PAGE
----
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Dayton Public Schools is never at fault

There is something very wrong with this front page article in the Dayton Daily news today:

The gate receipts from five Dayton Public Schools home football games over the past two years are missing, according to an audit the school district completed this year. DPS internal auditor Randall Harper says $9,209 in cash ticket sales from four games last fall “has been misplaced,” with no documentation that the deposits were ever picked up. That led Harper to review the 2014 season as well, where he found a fifth missing deposit, bringing the total to $14,312. Asked if there could be even more money missing, because some documentation was improper or missing, Harper said the audit didn’t test all athletic department receipts, so “that may be a possibility.”The district is investigating to determine how the money went missing and who was involved, but there were mixed signals from district officials Friday. Harper said he has “no clue” where the cash went, saying that’s part of the probe led by Jamie Bullens, DPS director of safety and security. Bullens was not in the office Friday, and Harper said police are not involved at this stage.

But school board President Adil Baguirov said two employees have been identified as being “primarily responsible” for the missing money. He did not identify them by name. “No one has been fired so far. It takes a certain time to complete the full investigation and have all the details,” Baguirov said. “I think the primary responsibility is with the (athletic) department. That would be the first line of defense. Secondary would be the treasurer’s department. And after that, all the way to the school board, because that’s where the buck stops.”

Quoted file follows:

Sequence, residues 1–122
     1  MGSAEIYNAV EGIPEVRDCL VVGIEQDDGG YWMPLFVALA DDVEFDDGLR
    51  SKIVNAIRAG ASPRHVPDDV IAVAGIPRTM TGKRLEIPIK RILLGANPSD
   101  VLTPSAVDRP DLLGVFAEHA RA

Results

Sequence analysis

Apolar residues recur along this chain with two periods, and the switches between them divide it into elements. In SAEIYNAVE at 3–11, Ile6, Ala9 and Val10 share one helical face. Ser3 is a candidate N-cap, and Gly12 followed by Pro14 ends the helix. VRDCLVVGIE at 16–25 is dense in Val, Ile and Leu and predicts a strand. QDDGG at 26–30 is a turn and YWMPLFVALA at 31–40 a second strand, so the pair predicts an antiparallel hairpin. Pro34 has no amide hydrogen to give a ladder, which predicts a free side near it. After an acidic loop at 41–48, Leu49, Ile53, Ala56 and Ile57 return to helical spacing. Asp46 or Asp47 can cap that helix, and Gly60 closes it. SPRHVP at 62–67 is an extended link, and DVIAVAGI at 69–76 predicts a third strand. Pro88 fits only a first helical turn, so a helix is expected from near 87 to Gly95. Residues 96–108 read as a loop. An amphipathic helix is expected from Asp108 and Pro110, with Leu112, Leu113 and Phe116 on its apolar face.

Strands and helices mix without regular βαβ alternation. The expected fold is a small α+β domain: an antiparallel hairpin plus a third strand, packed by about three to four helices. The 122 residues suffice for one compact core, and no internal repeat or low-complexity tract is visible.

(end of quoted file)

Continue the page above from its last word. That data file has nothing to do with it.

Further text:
…Dayton Public Schools Director of Athletics Jonas Smith on March 4 announced his resignation, effective this summer, citing a desire “to serve as a district athletic director at the building level,” rather than running a six-high school district. Both Smith and Baguirov said the resignation was not tied to Harper’s audit. Baguirov said Smith was not pressured to leave, and Harper said the athletic department was “very cooperative” during the audit.

“This is really unfortunate and I wish it wouldn’t have happened. We’re putting procedures and systems in place so it won’t happen again,” said Smith, who last year served as president of the OHSAA’s board of directors. “As district AD, I don’t handle athletic funds, but I have many employees who do. The procedures and systems that I inherited 11 years ago seemed fine. Nothing ever looked suspicious to me.

”Asked Friday whether the missing money was the fault of the athletics department, treasurer, school board or others, Harper said, “There’s a wide variety of people who could have noticed the missing deposits.”

David Lawrence, DPS chief of school innovation and Smith’s direct supervisor, said no one has been fired, demoted or reprimanded in the case. Lawrence called Harper’s report professional and unbiased, and said it presents an opportunity for DPS to get better, as it considers dozens of applications received for Smith’s AD post.

“There is significant interest in this job,” Lawrence said. “We are looking forward to taking the next chapter in Dayton Public Schools athletics and moving on in a positive direction.